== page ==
Synthesis, characterisation and applications of diamond materials

  • Shi Su

    Student thesis: Doctoral ThesisDoctor of Philosophy


    This thesis presented a detailed research work on diamond materials. Chapter 1 is an overall
    introduction of the thesis. In the Chapter 2, the literature review on the physical, chemical, optical, mechanical, as well as other properties of diamond materials are summarised. Followed by this chapter, several advanced diamond growth and characterisation techniques used in
    experimental work are also introduced. Then, the successful installation and applications of
    chemical vapour deposition system was demonstrated in Chapter 4. Diamond growth on a variety of different substrates has been investigated such as on silicon, diamond-like carbon or silica fibres. In Chapter 5, the single crystalline diamond substrate was used as the substrate to perform femtosecond laser inscription. The results proved the potentially feasibility of this technique, which could be utilised in fabricating future biochemistry microfluidic channels on diamond substrates. In Chapter 6, the hydrogen-terminated nanodiamond powder was studied using impedance spectroscopy. Its intrinsic electrical properties and its thermal stability were presented and analysed in details. As the first PhD student within Nanoscience Research Group at Aston, my initial research work was focused on the installation and testing of the microwave plasma enhanced chemical vapour deposition system (MPECVD), which will be beneficial to all the future researchers in the group. The fundamental of the on MPECVD system will be introduced in details. After optimisation of the growth parameters, the uniform diamond deposition has been achieved with a good surface coverage and uniformity. Furthermore, one of the most significant contributions of this work is the successful pattern inscription on diamond substrates by femtosecond laser system. Previous research of femtosecond laser inscription on diamond was simple lines or dots, with little characterisation techniques were used. In my research work, the femtosecond laser has been successfully used to inscribe patterns on diamond substrate and fully characterisation techniques, e.g. by SEM, Raman, XPS, as well as AFM, have been carried out. After the femtosecond laser inscription, the depth of microfluidic channels on diamond film has been found to be 300~400 nm, with a graphitic layer thickness of 165~190 nm. Another important outcome of this work is the first time to characterise the electrical properties of hydrogenterminated nanodiamond with impedance spectroscopy. Based on the experimental evaluation and mathematic fitting, the resistance of hydrogen-terminated nanodiamond reduced to 0.25 MO, which were four orders of magnitude lower than untreated nanodiamond. Meanwhile, a theoretical equivalent circuit has been proposed to fit the results. Furthermore, the hydrogenterminated nanodiamond samples were annealed at different temperature to study its thermal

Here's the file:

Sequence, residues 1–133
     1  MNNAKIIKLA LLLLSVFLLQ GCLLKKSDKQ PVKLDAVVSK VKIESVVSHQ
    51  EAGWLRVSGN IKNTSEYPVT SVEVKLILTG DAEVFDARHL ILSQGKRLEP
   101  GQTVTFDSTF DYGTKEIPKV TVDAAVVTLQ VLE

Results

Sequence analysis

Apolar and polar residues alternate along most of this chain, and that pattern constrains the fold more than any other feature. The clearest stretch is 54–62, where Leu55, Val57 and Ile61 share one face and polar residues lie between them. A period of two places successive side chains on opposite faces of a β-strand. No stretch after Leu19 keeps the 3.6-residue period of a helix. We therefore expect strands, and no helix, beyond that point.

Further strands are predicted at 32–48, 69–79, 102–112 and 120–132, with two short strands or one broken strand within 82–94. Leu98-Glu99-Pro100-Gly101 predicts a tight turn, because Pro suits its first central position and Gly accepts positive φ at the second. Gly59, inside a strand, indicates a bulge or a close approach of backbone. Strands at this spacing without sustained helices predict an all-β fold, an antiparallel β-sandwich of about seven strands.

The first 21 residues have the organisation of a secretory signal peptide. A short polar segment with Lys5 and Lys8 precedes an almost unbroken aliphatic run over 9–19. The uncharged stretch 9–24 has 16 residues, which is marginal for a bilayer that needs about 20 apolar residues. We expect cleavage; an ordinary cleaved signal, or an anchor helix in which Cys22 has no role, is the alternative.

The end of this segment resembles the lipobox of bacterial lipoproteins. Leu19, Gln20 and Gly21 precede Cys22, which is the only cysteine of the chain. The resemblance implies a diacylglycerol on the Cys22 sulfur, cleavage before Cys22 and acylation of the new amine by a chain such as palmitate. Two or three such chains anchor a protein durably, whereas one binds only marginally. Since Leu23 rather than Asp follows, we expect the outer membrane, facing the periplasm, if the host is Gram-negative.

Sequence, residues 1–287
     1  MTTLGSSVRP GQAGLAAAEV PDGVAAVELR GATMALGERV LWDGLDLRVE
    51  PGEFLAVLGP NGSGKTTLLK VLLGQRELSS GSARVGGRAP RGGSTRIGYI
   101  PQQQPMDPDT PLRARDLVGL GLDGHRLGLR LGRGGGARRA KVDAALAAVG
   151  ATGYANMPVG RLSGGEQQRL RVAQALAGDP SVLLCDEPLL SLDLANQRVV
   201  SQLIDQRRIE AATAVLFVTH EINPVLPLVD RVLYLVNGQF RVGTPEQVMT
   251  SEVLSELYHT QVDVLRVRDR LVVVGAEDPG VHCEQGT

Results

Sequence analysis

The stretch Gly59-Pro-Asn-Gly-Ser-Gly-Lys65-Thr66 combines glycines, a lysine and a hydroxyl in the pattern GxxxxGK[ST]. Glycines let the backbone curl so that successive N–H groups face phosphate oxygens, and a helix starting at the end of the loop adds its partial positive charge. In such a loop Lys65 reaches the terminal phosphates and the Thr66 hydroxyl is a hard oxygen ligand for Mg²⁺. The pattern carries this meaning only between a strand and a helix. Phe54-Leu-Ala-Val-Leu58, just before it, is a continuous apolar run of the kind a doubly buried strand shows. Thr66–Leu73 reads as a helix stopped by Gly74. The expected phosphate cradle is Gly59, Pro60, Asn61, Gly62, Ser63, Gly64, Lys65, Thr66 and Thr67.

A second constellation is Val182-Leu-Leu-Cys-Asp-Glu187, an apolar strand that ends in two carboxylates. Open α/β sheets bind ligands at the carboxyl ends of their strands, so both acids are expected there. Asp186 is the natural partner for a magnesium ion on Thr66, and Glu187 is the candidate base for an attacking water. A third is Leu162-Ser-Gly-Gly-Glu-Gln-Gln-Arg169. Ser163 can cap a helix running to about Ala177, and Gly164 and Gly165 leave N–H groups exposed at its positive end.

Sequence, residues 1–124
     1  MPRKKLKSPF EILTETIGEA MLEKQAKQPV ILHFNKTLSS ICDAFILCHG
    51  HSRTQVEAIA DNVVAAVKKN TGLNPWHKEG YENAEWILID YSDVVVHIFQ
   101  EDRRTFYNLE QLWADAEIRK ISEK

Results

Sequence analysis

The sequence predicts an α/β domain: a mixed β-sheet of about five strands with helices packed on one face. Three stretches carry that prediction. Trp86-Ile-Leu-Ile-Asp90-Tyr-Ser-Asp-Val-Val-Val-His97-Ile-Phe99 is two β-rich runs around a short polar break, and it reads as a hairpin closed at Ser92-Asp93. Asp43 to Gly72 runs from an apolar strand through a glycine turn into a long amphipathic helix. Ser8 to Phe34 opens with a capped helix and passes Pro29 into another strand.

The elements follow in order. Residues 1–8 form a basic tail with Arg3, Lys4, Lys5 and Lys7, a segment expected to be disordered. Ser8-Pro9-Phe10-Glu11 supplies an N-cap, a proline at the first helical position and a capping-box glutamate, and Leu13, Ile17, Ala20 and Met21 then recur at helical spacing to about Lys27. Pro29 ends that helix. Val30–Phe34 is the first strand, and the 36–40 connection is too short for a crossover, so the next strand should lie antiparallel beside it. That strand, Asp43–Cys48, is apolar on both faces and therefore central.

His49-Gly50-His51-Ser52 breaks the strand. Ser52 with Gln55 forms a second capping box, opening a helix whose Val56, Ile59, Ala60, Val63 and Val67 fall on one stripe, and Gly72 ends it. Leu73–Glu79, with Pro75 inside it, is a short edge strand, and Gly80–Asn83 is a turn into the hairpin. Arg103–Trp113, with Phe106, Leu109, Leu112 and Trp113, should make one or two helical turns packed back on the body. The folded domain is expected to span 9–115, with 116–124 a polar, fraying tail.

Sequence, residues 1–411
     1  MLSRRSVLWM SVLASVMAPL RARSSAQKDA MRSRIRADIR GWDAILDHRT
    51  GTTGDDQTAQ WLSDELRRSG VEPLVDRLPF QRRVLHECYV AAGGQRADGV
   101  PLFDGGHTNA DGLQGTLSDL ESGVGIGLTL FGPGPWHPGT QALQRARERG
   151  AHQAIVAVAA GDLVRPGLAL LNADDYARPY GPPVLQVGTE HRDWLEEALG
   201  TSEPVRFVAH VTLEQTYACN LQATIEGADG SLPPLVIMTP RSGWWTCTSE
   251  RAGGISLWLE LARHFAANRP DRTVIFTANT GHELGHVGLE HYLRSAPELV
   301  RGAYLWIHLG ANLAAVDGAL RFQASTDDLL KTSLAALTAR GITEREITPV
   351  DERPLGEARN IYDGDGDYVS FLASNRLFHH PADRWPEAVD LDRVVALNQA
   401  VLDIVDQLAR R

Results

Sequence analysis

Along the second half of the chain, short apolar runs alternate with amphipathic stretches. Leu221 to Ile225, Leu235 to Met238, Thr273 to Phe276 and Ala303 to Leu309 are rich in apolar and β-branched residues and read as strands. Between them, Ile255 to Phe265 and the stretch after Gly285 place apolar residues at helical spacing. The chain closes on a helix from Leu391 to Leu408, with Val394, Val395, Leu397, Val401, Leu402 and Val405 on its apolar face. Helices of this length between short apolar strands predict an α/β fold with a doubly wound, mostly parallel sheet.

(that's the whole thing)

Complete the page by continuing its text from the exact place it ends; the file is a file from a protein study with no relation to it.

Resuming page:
stability. The XPS and FTIR results indicate that hydrogen-terminated nanodiamond will start to oxidize over 100ºC and the C-H bonds can survive up to 400ºC. This research work reports the fundamental electrical properties of hydrogen-terminated nanodiamond, which can be used in future applications in physical or chemical area.
    Date of Award1 Nov 2013
    Original languageEnglish
    SupervisorHaitao Ye (Supervisor) & Lin Zhang (Supervisor)


    • diamond
    • nanodiamond
    • nanotechnology
    • microwave plasma-enhanced CVD
    • raman spectroscopy
    • femtosecond laser
    • impedance spectroscopy

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